Iowa Football

NFL draft was daft when it came to ex-Hawkeyes Desmond King and George Kittle

King and Kittle had TDs in Week 5, continue great starts to pro careers

San Francisco 49ers tight end George Kittle (85) celebrates after scoring a touchdown against the Cleveland Browns during the third quarter of the Niners’ 31-3 at Levi’s Stadium in Santa Clara, Calif. (Kyle Terada/USA TODAY Sports)
San Francisco 49ers tight end George Kittle (85) celebrates after scoring a touchdown against the Cleveland Browns during the third quarter of the Niners’ 31-3 at Levi’s Stadium in Santa Clara, Calif. (Kyle Terada/USA TODAY Sports)

IOWA CITY — The National Football League, as NFL people and their toadies always call it to make it sound majestic, is mostly hooey.

The NFL’s billionaire team owners are, to use Tom Wolfe’s words, the Masters of the Universe. Like nearly all Masters of the Universe, they aren’t the salt of the earth. They get what they want when they want it. It’s a fluke if it’s good for anyone else or society in general.

I’ve covered Super Bowls in five different cities, and it was always striking to see how much slicker everything was at those sites in those weeks, from traffic flow to security to party planning. It made me appreciate cities in normal times, where things don’t necessarily work quite right, but at least life isn’t so sterile and full of pro football nonsense.

The players are the NFL’s saving grace. Now, not all of them are angels or role models. It’s hard to be a Renaissance man when savagery is the essence of your vocation.

However, there are always many players to admire and enjoy amid all the greed and gluttony and head injuries. I, and I’d bet many of you, love the fact former Iowa players Desmond King and George Kittle have made so many NFL talent evaluators look so boneheaded.

King, who merely won the Jim Thorpe Award as the nation’s top defensive back in his junior year, wasn’t drafted in 2017 until the 151st pick, a fifth-rounder. Why? He was considered too small at 5-foot-10. His speed was underwhelming. Blah blah blah.

“(Former Iowa defensive back/NFL vet) Micah Hyde is probably in the same category,” Iowa Coach Kirk Ferentz said Tuesday. “Not quite big enough, not quite fast enough. … Micah and Desmond, they end up being middle-round type players because they didn’t quite have the measurables.

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“I get that and understand that and appreciate that, but they both are doing really well at that level.”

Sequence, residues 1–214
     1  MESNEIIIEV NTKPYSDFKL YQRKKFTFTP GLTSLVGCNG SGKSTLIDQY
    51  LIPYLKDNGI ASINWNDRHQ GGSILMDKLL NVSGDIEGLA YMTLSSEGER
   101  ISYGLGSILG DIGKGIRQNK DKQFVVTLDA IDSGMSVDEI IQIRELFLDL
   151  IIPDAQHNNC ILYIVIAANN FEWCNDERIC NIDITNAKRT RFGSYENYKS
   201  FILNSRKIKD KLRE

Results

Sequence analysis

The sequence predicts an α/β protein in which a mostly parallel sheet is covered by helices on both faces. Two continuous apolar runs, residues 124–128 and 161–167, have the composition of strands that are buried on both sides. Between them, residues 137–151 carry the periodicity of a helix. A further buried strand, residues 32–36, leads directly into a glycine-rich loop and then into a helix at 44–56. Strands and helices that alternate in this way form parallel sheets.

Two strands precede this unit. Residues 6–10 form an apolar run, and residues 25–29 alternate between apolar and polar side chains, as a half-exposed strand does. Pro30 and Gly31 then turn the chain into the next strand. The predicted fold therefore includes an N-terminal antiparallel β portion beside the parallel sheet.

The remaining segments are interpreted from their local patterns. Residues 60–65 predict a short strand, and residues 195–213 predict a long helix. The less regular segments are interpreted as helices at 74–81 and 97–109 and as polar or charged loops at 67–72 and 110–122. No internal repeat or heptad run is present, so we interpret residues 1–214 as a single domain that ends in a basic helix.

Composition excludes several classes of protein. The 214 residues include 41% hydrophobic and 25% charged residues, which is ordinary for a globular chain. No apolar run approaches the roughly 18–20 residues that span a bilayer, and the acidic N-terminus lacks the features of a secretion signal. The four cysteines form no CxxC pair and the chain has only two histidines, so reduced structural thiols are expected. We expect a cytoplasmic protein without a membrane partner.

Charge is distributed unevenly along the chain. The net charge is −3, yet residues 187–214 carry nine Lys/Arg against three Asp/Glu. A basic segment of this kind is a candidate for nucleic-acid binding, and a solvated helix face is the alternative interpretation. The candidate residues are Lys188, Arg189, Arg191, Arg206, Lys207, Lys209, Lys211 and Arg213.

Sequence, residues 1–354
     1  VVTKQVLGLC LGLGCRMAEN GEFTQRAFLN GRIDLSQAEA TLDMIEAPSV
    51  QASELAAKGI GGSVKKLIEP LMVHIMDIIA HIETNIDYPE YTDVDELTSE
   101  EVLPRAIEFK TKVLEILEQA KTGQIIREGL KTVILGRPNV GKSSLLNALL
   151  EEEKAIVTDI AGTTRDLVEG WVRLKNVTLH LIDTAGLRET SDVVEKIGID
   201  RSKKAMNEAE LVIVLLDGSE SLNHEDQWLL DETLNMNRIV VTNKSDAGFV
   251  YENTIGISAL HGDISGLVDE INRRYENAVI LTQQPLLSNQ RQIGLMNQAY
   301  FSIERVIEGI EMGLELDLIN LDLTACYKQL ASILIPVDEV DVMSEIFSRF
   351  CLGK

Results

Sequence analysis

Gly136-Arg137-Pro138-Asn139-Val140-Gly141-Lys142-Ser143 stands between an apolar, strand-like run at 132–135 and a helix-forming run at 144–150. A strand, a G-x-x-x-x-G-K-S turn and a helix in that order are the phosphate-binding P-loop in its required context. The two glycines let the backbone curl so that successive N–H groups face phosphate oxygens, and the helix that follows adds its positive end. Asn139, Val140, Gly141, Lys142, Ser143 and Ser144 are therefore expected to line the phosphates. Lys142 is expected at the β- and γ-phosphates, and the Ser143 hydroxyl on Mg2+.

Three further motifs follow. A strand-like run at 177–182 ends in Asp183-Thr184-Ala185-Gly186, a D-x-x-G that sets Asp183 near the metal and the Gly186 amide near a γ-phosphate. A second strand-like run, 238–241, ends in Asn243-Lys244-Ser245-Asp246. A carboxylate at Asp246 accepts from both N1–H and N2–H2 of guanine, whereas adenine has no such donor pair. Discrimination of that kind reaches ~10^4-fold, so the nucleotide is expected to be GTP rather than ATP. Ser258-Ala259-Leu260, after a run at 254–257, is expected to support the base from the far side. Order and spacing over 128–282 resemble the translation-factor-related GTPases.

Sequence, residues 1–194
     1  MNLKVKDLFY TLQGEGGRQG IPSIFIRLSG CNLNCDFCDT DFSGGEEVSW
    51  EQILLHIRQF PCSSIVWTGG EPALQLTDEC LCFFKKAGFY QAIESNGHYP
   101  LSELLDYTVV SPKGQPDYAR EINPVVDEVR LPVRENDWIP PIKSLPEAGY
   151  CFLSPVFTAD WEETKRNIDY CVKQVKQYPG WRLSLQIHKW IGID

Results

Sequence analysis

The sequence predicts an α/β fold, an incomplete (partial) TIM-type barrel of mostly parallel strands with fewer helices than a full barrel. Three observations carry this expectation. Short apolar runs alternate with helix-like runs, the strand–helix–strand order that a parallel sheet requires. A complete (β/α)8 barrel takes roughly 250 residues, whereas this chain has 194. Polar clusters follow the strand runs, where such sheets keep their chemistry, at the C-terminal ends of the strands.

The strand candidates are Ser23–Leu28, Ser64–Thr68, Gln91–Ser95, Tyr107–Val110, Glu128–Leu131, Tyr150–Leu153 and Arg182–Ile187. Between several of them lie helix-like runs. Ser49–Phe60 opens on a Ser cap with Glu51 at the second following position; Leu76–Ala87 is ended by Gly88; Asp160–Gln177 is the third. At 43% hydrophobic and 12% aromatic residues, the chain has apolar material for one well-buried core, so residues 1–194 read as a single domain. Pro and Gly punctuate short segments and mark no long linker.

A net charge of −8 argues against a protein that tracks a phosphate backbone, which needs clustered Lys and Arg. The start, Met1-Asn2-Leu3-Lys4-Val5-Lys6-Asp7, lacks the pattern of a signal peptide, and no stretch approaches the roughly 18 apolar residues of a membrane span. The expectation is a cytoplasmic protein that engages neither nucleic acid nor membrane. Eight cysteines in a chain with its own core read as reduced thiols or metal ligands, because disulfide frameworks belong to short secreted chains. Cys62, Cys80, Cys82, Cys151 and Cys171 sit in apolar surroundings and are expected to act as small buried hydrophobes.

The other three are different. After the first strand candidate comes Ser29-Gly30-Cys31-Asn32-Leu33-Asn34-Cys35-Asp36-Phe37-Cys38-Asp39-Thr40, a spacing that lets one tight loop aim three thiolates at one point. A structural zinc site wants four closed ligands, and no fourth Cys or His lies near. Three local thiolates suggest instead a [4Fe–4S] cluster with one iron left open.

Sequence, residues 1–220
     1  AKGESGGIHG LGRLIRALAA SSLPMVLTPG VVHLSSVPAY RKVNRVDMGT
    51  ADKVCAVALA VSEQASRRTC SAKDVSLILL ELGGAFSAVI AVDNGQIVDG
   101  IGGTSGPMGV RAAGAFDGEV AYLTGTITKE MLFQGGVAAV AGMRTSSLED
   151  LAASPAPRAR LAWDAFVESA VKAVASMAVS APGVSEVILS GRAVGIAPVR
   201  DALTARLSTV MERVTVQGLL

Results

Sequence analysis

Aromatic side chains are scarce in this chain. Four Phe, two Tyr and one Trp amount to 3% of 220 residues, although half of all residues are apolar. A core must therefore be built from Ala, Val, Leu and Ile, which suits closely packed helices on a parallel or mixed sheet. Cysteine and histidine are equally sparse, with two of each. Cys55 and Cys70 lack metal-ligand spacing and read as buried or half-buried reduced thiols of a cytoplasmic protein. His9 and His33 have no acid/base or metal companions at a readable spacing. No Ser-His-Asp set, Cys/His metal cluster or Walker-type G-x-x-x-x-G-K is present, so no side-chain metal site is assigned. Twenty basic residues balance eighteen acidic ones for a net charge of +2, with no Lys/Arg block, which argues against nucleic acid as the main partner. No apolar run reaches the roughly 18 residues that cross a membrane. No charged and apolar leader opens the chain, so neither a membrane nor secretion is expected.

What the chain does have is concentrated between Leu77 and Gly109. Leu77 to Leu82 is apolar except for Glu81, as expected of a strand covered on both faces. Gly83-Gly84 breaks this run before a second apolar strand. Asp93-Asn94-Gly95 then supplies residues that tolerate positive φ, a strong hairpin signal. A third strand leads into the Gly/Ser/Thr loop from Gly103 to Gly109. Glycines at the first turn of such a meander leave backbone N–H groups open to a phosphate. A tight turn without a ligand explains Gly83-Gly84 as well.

King was the 36th defensive back taken in the ’17 draft. Sunday against Denver, he gave the Los Angeles Chargers their only touchdown of the game with a 68-yard punt return. The week before, he had 2.5 quarterback sacks against the Miami Dolphins.

 

Last year, he was a first-team All-Pro defensive back and second-team All-Pro punt returner as a second-year player. If NFL people had just stuck to watching King’s game film from his Iowa days, they might have gotten themselves a heck of a player.

Kittle had injury issues at times during his Iowa career, but when the tight end played, he played. He averaged 15.4 yards per catch as a Hawkeye, had 10 touchdowns, and blocked as if defenders in front of him had swiped his lunch money.

He tested and timed well at the 2017 NFL Combine, but still lasted until the fifth round at pick No. 146, five spots ahead of King. It wasn’t a major insult, since not everyone needs a tight end each year. Kittle was the ninth tight end taken, so that really wasn’t a slap, either. But he has made fools of many scouts.

“George, to me, is a different story in that he keeps on blooming and developing,” Ferentz said. “In George’s case, where he got drafted probably was not off the target. Then he just keeps getting better and better.

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Monday night, Kittle had six catches for 70 yards and a touchdown for the San Francisco 49ers, rushed once for 18 yards, and ran over Cleveland Browns cornerback T.J. Carrie on Matt Breida’s 83-yard touchdown run in the unbeaten 49ers’ 31-3 romp.

Kittle already has career numbers of 154 catches, 2,127 yards and eight touchdowns. He went to the Pro Bowl last season. He has become a genuine sensation.

 

Nobody in the NFL saw that coming. The scouts file through the Iowa football complex and other college compounds all season to watch tape, get a feel for things. They have their Senior Bowl and their Combine and their pro days and their one-on-one interviews with players. They pick the brains of the players’ coaches.

Then they draft Mitchell Trubisky at quarterback in 2017 ahead of Patrick Mahomes and Deshaun Watson. Then they leave Kittle and King on the draft board until the third day.

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If the 2017 draft were redrafted, King and Kittle would be first-rounders. And we take this stuff seriously for some reason.

Comments: (319) 368-8840; mike.hlas@thegazette.com

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